Teen depression and substance usage is on the rise and only getting worse. This is an epidemic we need to get in front of.

The teens in your life need to know someone is in their corner. They want to know someone cares and loves them. You may think they already know that, but often, so much is changing in their lives they start to doubt they understand anyone’s actual intentions.

Teens need to be reassured that getting help is not a bad thing. There is a huge stigma around mental health and teens need to understand that it affects all of us and that getting help is not a weakness, but rather a strength. Reaching out to talk to someone they trust, asking for help in various ways, are positive actions that they should be commended for.

Keep in mind, that if a teen comes to you for help, your job is to help them. Don’t brush off what they say as a mood swing, or hormones, or drama. Pay attention, offer resources and help them to find the best support. They came to you for a reason.

You want to build them up as well. Show them they have purpose, value and a place in this big world. Highlight their talents and provide ways for them to use those talents or get better at them. Let them know that everyone is not good at everything. We all have unique gifts and we need to do what is in our skillsets and not worry about the things we don’t know.

Explain that they won’t be able to make everyone happy and they don’t need to. I heard this saying years ago that I think applies to everyone. “What other people think of you is none of your business.”

Teens need to know that other people’s opinions are just that. Their opinions. And those opinions are often formed by beliefs that the other person has. It doesn’t make them truth.

Teen depression is not just a chemical form of depression but it is spiritual as well. They are learning about themselves, and their beliefs for the first time usually, that are separate from what they may have been taught.

There are 4 types of emotional states of teen depression:

Monotony – this consists of feeling bored, having no pleasure in life, sleeping a lot, not being interested in things they liked previously, waiting for something to change and isolating themselves.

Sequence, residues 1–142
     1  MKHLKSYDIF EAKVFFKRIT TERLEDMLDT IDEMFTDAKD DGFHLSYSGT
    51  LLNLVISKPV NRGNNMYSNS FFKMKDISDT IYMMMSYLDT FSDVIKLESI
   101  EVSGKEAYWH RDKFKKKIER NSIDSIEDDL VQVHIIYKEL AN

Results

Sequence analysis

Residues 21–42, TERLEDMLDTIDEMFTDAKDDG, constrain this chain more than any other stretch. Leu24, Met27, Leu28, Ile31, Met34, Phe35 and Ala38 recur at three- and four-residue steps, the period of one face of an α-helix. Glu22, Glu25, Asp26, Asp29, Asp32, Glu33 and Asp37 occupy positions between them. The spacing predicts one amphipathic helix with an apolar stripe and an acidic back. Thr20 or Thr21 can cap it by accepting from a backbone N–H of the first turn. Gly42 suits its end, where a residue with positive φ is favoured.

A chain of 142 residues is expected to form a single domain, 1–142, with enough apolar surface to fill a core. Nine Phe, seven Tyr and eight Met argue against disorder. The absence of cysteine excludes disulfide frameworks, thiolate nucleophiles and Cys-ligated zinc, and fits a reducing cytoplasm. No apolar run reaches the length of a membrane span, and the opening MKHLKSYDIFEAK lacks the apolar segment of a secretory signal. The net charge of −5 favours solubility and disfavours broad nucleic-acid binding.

Numbness – at this stage they shutdown because of emotional pain, the pain feel unbearable and unavoidable, they have a learned helplessness, they may self mutilate and possibly be suicidal as they view suicide as the ultimate numbness.

Grief – they feel like they lost a part of themselves or their family or friends, they self-medicate which worsens the depression, they fixate in a state of chronic grief, they are at a loss as to how to get out of the grief.

Apathy – this is a loss of all hope and waiting to die. They have accumulated a number of traumas and loss and lose the ability to feel pain. There is no suicidal tendency because there is no pain to escape from. They don’t believe anything will help and don’t know anything is wrong. They aren’t suffering or feeling anything.

Often, when they are experiencing one of the above emotional states, they may reach to drugs or alcohol as a way to escape from their feelings for a while. This can turn quickly into addiction when they keep looking for more of that escape.

Signs of addiction include changes in friends, acting secretive, no motivation, decline in grades, parents/guardians just feeling like something is not right, and/or moodiness.

There are ways for you to gently help even if you haven’t been asked. If you feel like a teen in your life could use some resources or needs to know you care, reach out. This may be on Snapchat or Instagram, it may be in the car while you are dropping them off at a friends house or at work. Take advantage of reaching out in the ways they communicate. They often won’t want to have a sit down conversation. They may do better telling you how they feel in a text or direct message, or in the car when they don’t have to look at you.

You can also help them by explaining that their emotions are a result of ongoing thoughts and are temporary. If they can name their feelings they can more easily change them.

Mindfulness is also helpful. Some ways to practice mindfulness include breath work, meditating, and being in nature. Let them know that whatever feels best to them is the way to go. If they don’t like a practice they try, they don’t have to keep at it. Encourage them to try different things and stick to what they find works at helping them feel better.